BEIRUT— Syrian rebels in the northern province of Aleppo on Monday threatened to seize two Shi'ite Muslim villages that back President Bashar al-Assad unless they surrendered to the opposition.
Activists say both Nubl and Zahra villages had been reinforced by Assad's allies in the increasingly sectarian war, among them fighters from Iran and Lebanon's powerful Shi'ite guerrilla group, Hezbollah.
“We announce our intention to liberate Nubl and Zahra from the regime and its shabbiha (pro-Assad militia), and from the Hezbollah and Iranian elements,” the rebels said in an Internet video.
The 27-month-old conflict, which pits mostly Sunni insurgents against Assad, from an offshoot of Shi'ite Islam, has already killed more than 100,000 people and driven 1.7 million Syrians to seek refuge in neighboring countries.
Assad's forces, spearheaded by Hezbollah, have made a number of gains since they seized the border town of Qusair last month. There have also been heavy clashes in Aleppo and surrounding districts, fuelling expectations that Assad aims to re-establish control of Syria's largest city.
On Sunday rebels shot down a helicopter close to Nubl, which activists said had been carrying supplies to the villages. Authorities in Damascus said they were taking Education Ministry employees to supervise school exams. Seven employees and the helicopter crew were killed, they said.
A video released by activists a few weeks earlier showed an army officer apparently recruiting Shi'ite villagers in Zahra and Nubl to form fighting units to support the army against the rebels.
“Prevent a Single Drop of Blood”
“In order to prevent a single drop of blood from being spilled and to find a peaceful solution, we have set the following conditions,” the video statement by the rebels said.
Among the demands were the surrender of Assad's forces and their weapons, followed by a power sharing deal between the locals and the rebels.
“If there is no response [to rebel demands for surrender] there will be a major military operation on those two villages,” the statement said.
The sectarian nature of the conflict has set regional Sunni Muslim powers - notably Gulf Arab states and Turkey - against Assad's Shi'ite Iranian and Hezbollah allies in a deepening proxy war on Syrian soil.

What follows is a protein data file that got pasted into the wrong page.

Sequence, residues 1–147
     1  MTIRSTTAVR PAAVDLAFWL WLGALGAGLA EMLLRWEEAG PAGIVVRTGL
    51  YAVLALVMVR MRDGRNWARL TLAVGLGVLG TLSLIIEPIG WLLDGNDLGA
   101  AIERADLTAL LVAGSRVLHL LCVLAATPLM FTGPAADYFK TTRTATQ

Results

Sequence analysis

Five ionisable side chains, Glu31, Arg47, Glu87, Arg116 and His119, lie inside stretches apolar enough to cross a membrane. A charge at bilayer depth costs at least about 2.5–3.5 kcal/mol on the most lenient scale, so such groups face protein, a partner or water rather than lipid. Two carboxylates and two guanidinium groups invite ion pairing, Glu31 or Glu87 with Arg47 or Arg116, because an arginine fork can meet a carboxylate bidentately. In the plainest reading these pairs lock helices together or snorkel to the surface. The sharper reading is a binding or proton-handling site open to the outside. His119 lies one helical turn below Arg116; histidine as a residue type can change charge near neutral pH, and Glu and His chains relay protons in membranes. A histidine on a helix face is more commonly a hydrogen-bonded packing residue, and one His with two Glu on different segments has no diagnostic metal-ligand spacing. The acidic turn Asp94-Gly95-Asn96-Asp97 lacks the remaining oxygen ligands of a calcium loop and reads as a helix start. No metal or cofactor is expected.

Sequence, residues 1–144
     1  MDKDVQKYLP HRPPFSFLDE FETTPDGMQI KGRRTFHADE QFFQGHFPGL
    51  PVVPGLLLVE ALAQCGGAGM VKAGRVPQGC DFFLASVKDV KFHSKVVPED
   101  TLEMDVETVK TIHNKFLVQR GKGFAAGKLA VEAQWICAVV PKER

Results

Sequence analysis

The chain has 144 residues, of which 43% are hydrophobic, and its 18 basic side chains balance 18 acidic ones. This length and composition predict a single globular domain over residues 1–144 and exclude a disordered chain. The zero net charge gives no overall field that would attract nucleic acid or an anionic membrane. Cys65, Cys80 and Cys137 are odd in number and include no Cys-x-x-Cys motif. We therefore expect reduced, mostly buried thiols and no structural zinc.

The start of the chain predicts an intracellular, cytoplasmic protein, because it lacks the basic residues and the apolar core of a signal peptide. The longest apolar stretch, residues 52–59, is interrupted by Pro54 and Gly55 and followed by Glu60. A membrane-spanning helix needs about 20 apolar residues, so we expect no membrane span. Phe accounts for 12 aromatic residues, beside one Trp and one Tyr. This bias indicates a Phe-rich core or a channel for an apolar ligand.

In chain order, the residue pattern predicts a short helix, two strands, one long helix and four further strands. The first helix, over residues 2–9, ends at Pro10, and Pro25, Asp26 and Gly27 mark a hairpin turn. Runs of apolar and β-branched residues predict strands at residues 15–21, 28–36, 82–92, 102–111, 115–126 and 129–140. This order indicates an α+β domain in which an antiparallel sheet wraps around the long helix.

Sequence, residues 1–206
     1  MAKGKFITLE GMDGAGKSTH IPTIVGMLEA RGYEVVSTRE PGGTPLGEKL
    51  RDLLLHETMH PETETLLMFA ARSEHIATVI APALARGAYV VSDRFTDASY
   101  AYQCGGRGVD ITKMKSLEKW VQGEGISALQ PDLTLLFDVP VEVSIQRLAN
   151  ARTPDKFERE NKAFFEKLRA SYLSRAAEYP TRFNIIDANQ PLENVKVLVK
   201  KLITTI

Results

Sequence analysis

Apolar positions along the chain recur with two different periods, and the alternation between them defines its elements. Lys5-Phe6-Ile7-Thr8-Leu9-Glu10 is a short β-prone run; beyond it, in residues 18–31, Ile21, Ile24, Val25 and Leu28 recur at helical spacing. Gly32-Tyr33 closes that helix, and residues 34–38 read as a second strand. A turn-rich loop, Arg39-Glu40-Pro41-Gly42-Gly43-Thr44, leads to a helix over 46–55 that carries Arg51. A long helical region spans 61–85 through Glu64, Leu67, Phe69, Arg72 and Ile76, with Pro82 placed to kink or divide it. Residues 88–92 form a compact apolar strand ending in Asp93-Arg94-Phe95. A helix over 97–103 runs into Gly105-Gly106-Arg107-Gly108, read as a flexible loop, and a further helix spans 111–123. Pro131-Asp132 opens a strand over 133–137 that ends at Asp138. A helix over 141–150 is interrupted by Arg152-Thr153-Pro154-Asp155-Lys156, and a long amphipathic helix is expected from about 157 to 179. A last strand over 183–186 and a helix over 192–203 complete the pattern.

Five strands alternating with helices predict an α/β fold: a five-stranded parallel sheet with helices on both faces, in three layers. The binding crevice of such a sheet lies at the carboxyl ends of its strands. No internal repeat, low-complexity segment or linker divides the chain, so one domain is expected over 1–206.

Deputy U.S. Secretary of State William Burns, speaking at the end of a visit to neighboring Lebanon, condemned Hezbollah's military intervention in Syria.
“Despite its membership in the Lebanese government, Hezbollah has decided to put its own interests and those of its foreign backers above those of the Lebanese people,” Burns said. “We condemn in the strongest terms Hezbollah's actions in Syria. They ... stand in direct violation of Lebanon's disassociation policy [from Syria] and place the future of Lebanon at risk.”
Hezbollah's role in Syria, along with Sunni Islamist fighters smuggled over the border to fight for the Syrian rebels, has exacerbated sectarian tensions in Lebanon which is still scarred by its own 1975-1990 civil war.
Fighting has broken out in the Mediterranean cities of Tripoli and Sidon, while rockets have been fired at a Hezbollah district of southern Beirut and in the Bekaa Valley.
Saudi Arabia, which has accelerated armed support for the rebels according to Gulf sources, urged the European Union on Monday to arm Syrian rebels without delay.
Riyadh and its partners in the Gulf Cooperation Council also called on the United Nations Security Council to meet to prevent a massacre in the central city of Homs, where Assad's forces have been waging an assault on rebel-held districts.
The Syrian Observatory for Human Rights reported heavy army bombardment and clashes with rebel fighters for a third day in the contested city, which sits on an axis connecting Damascus to the heartland of Assad's minority Alawite sect in the hills overlooking the Mediterranean.
It said neither side appeared to be gaining any ground.